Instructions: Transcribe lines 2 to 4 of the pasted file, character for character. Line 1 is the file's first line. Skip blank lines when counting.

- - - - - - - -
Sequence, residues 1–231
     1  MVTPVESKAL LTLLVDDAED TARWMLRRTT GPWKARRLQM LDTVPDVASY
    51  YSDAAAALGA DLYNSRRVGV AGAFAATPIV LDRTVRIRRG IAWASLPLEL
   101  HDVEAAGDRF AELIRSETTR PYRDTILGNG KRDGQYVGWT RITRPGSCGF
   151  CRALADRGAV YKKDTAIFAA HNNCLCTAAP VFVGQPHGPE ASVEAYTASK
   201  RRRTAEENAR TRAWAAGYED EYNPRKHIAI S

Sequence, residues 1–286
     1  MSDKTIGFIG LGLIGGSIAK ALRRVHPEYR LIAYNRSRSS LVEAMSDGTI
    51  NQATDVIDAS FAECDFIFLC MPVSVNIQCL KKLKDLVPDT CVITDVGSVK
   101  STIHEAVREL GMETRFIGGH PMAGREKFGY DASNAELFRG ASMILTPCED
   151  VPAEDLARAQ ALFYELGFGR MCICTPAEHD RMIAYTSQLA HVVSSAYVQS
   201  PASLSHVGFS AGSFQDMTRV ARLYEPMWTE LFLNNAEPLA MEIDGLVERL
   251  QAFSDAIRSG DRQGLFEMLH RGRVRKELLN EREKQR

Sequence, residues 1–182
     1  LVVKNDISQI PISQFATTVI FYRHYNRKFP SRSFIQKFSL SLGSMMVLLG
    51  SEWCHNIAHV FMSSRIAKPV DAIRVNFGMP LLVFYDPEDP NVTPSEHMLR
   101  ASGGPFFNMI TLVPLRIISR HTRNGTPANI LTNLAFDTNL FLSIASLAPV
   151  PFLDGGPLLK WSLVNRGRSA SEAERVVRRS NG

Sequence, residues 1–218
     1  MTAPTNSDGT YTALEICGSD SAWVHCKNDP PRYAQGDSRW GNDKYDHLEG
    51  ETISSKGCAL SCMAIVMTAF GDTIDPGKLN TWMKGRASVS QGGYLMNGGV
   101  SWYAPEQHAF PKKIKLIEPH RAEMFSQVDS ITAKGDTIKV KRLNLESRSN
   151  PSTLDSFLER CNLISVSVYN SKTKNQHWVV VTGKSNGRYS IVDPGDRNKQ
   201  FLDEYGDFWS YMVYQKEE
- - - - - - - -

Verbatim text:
     1  MVTPVESKAL LTLLVDDAED TARWMLRRTT GPWKARRLQM LDTVPDVASY
    51  YSDAAAALGA DLYNSRRVGV AGAFAATPIV LDRTVRIRRG IAWASLPLEL
   101  HDVEAAGDRF AELIRSETTR PYRDTILGNG KRDGQYVGWT RITRPGSCGF